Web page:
In January 1944 the Percival was used by DCA to test new radio ranges at Townsville and Cairns. By July the aircraft was back at Essendon when it's Certificate of Airworthiness expired. There was some iternal debate about whether the cost of an overhaul was warranted given that the aircraft had very low utilisation. It had only flown 47 hours in the previous 12 months. A response to this was that it would have flown more if Departmental pilots had been available and wartime petrol restrictions were less. In the event, the overhaul proceeded. ANA was unable to do the fabric recover due to a shortage of fabric workers and the amount of work at present in their workshops, so the fabric work was contracted to Ansett.

The writing was on the wall, however, and on 20 March 1946 Director of Air Navigation and Safety, C.S. Wiggins, recommended: "VH-ABY flies about 10 hours per year as it is unsuitable for Departmental duties. When we test radio ranges etc we obtain aircraft from RAAF. I recommend that the Q6 be passed to the Disposals Commission for sale." And so it was.

In October 1946 VH-ABY's CofA was renewed at Essendon and the following month the Commonwealth Disposals Commision recorded it as having been sold to Wallace Stillard of Barooga, NSW. Shortly after takng delivery, on 3 November 1946, Stillard had an accident in the Percival at Corowa, NSW when he struck a grass-covered gravel heap on the aerodrome whilst landing between runways because of a strong wind, on arrival from Nhill. In December 1946 DCA reprimand Stillard that he has not made any application to register VH-ABY in his name and that DCA was still the registered owner. Stillard then submitted a Change of Ownership form back-dated to 18 October! Stillard had also changed address, to Marboc, Cobram Vic. He stated he took delivery of the aircraft at Essendon on 18 October 1946.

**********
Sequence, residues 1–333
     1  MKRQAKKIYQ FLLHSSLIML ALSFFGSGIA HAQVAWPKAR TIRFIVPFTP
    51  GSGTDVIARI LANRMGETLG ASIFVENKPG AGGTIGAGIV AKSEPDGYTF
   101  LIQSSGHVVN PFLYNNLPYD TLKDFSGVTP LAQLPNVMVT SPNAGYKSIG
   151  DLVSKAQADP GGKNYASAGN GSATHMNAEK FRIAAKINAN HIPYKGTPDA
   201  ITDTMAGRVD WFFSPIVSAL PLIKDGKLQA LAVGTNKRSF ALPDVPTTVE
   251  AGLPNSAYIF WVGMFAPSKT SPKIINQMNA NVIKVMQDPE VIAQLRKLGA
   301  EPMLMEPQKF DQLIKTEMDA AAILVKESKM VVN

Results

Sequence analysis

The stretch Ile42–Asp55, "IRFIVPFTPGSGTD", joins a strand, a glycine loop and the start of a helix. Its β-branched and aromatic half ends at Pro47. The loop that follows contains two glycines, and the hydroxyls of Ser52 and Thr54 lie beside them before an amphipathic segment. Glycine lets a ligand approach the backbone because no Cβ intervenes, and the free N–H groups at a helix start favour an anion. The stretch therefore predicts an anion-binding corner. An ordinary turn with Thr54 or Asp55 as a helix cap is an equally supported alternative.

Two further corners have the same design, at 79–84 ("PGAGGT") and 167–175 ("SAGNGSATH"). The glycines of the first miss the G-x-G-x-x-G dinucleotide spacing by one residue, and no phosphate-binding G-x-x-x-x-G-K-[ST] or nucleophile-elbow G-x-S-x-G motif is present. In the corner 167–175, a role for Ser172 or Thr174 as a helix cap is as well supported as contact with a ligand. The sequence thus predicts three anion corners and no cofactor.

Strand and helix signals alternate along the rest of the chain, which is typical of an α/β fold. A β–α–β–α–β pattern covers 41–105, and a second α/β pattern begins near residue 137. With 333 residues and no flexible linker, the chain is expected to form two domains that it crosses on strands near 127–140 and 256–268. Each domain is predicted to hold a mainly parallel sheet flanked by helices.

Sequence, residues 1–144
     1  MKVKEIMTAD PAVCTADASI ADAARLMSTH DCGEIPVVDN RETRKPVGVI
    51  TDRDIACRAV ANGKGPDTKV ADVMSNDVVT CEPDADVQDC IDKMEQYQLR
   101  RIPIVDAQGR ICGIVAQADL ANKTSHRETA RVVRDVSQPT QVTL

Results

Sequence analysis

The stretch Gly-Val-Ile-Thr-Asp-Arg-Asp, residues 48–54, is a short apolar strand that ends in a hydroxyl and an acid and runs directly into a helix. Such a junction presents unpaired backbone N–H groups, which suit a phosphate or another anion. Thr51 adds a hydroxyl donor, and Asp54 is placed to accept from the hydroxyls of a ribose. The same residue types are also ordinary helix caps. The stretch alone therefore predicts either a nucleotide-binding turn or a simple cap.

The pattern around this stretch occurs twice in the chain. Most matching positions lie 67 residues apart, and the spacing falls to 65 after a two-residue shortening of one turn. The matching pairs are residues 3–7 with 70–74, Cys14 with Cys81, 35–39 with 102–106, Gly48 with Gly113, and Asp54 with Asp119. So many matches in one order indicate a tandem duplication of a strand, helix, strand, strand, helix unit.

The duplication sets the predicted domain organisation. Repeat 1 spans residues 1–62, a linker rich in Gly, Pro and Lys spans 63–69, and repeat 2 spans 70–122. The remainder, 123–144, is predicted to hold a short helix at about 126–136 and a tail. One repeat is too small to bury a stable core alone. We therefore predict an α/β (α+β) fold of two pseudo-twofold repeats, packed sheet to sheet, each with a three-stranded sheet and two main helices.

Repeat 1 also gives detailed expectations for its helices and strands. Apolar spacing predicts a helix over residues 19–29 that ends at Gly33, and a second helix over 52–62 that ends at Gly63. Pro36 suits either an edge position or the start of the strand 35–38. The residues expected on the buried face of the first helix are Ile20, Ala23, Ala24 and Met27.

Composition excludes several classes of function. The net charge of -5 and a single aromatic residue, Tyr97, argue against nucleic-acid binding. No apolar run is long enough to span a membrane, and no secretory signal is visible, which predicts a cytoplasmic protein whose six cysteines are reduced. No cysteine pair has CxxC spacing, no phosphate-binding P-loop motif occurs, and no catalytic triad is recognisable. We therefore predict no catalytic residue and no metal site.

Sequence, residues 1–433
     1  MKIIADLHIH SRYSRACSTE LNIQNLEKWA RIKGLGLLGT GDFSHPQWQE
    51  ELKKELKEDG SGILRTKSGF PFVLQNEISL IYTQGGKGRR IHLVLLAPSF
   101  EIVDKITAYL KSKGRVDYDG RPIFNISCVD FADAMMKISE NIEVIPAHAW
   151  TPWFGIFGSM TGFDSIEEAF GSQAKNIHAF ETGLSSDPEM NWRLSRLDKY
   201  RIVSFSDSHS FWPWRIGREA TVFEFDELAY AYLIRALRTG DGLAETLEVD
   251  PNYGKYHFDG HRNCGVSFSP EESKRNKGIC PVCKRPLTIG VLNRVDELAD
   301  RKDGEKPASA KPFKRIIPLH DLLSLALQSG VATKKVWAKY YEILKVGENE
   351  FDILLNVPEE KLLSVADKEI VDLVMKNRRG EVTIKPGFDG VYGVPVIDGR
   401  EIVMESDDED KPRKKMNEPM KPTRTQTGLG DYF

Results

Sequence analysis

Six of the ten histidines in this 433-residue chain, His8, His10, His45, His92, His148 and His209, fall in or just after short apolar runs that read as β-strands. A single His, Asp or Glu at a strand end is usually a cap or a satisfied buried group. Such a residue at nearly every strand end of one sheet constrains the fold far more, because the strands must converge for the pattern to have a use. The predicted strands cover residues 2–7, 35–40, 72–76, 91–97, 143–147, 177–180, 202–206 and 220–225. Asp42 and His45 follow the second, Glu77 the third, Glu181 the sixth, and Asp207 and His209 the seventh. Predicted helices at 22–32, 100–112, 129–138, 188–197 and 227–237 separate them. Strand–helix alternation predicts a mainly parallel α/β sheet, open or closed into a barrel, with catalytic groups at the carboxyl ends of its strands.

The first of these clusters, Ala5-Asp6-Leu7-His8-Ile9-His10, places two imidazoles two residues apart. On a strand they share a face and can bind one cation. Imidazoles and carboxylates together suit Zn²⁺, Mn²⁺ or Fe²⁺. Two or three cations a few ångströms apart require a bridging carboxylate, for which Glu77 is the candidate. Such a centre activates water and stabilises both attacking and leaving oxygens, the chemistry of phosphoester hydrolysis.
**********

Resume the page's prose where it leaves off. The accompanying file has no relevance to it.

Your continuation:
On 4 July 1947 VH-ABY's CofA was renewed after repairs were completed but the ill-fated aircraft was posted missing on 26 August 1947 on a flight from Sydney to Geelong. After departing Mascot at 11am nothing further was heard. A large search lasted for over a week, including some of the last intensive sorties by RAAF Liberator bombers, however the wreckage was only located at Wee Jasper, near Canberra, a year later. Stillard and his passenger John Meehan, President of the Geelong Aero Club and operator of Geelong Airways, were killed.

(Photos: Top-CAHS/Len Dobbin collection; Second from top-Sydney Morning Herald; Bottom two-Allan Betteridge collection)